Small Business

Intrapreneurs and Adaptive Persistence


Author Gregg Vanourek on applying entrepreneurial principles to your life, why a recession can be a good time to start a business, and more

Culling from their own experience launching new companies and interviews with 55 entrepreneurs around the world, Christopher Gergen and Gregg Vanourek, co-founders of New Mountain Ventures, a Colorado leadership development company, recently published Life Entrepreneurs: Ordinary People Creating Extraordinary Lives (Jossey-Bass; March, 2008). In it they explain the growing "life entrepreneurship" movement and make the case for integrating work and life.

BusinessWeek's Stacy Perman spoke with Vanourek about practical strategies and why an economic downturn can be a good time to start a business. Edited excerpts of their conversation follow:

You make the point that a growing number of people are rejecting traditional careers and becoming entrepreneurs. Why is that?

I think there is a change in values in society. There is a generation of people looking at the older generation who worked for extended periods for Corporate America or had a single career [and rejecting that way of life]. They [feel] those kinds of careers don't allow them to be innovative and creative.

In your book, you talk about entrepreneurs building lives around purpose, connection, and impact. Is that not possible within a traditional career structure?

It's definitely possible. It's just that lots of people are choosing a new path—self-direction is an increasing phenomenon. The key to this mindset and approach is to create a fulfilling, productive life.

In large corporations we talk about intrapreneurship—being an entrepreneur within a big enterprise. There are lots of examples of this where there is a bottom line, room for innovation, and a war for talent. [Corporations] want to attract the most talented people and retain those who have the entrepreneurial instinct, and make sure they don't bail because the company is too staid or bureaucratic.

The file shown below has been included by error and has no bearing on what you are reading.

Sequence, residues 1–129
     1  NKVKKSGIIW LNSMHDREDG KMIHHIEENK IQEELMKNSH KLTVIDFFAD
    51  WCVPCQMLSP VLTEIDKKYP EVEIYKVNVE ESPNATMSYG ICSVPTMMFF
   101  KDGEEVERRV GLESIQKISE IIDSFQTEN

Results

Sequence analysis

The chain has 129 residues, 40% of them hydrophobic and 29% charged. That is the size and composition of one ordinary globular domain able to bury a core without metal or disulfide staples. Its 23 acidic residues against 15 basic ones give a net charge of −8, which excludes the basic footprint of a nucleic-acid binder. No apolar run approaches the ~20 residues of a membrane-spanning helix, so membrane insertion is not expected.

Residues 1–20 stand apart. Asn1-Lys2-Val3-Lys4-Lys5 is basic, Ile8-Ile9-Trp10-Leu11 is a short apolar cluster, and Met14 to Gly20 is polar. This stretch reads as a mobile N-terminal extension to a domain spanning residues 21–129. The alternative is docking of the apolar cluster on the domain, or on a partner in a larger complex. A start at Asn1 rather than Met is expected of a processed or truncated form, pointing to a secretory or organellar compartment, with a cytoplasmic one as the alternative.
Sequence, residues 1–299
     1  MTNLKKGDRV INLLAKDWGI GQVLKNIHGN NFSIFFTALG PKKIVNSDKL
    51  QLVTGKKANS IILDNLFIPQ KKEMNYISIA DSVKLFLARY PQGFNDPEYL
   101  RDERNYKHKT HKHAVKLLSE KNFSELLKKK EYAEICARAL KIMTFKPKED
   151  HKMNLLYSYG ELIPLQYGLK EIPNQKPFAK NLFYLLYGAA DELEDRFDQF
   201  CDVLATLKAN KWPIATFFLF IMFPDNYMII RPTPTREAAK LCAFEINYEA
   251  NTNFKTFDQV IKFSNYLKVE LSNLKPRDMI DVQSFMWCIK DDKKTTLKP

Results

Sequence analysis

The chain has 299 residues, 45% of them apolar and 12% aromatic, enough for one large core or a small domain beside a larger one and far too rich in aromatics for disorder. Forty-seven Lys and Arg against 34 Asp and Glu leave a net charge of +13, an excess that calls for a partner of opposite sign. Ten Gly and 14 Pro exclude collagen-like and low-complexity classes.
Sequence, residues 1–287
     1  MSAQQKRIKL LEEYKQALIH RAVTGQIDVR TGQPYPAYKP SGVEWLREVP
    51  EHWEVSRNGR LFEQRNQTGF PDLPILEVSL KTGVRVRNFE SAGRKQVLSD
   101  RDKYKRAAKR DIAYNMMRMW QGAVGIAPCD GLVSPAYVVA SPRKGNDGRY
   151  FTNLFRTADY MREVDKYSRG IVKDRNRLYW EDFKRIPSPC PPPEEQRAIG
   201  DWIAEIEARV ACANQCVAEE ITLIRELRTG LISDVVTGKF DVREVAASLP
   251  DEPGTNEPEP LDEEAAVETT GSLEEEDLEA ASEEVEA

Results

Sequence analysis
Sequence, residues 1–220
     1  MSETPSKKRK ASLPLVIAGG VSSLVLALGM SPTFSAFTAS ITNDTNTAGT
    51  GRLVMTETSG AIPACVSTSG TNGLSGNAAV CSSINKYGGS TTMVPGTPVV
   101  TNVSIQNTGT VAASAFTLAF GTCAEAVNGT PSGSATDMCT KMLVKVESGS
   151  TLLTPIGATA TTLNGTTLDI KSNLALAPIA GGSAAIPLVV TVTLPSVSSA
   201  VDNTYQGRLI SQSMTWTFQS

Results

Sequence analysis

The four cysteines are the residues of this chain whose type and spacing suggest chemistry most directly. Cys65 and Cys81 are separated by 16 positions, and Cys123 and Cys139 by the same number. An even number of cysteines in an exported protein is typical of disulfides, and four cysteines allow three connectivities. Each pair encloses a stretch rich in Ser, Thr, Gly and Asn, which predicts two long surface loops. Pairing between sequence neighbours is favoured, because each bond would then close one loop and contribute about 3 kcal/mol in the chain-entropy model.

You make the point that a recession may be one of the best times to be an entrepreneur—how so?

There are a few reasons. First, the landscape is different, and going through a downturn presents new opportunities. And finding new opportunities is what allows an entrepreneur to be successful. Entrepreneurs look at home prices, foreclosures, and companies retrenching, and in each one of those changes is an opportunity for an entrepreneur to do interesting things. A smart entrepreneur can spot those trends and take action to improve his own conditions.

Second, an entrepreneur can be nimble and respond more quickly to market shifts than a big corporation. It goes back to the entrepreneurial approach: they take ownership and are comfortable with risk. They are used to managing cash and can flourish when times are tough, when others are struggling or pulling back.

While most entrepreneurs are comfortable with risk, most other people are not, so wouldn't switching from a traditional job to start your own business in a downturn seem more daunting?

The common perception of entrepreneurs is that they are more risk-seeking compared to others in the population. We interviewed 55 people around the world and it turned out that wasn't necessarily the case. Their risk profiles ran the gamut. But in all cases they were adept at managing risk, and understood that risk is part of today's global economy. A lot of people who aren't entrepreneurs find they have the skills to take on and mitigate risk. It doesn't require a magical, risk-seeking personality to be a successful entrepreneur.

One of the things you talk about in the book is "adaptive persistence" that allows people in existing organizations to anticipate disruptions to the market and to recognize opportunity—what is a good example of this?

Howard Schultz of Starbucks (SBUX) had adaptive persistence. Starbucks was an existing company and he traveled to Italy and saw the power of the barista and wanted to bring that experience to America. He presented the idea to Starbucks and they rejected him multiple times. At one point he got approval to try it out on a limited basis and he went to raise equity and was working without a salary for a while. His wife was pregnant and he was ready to give up but didn't. He was able to leverage his network to stave off threats of his vision going under and stuck with it. And now Starbucks is what it is today.

Perman is a staff writer for BusinessWeek.com in New York.

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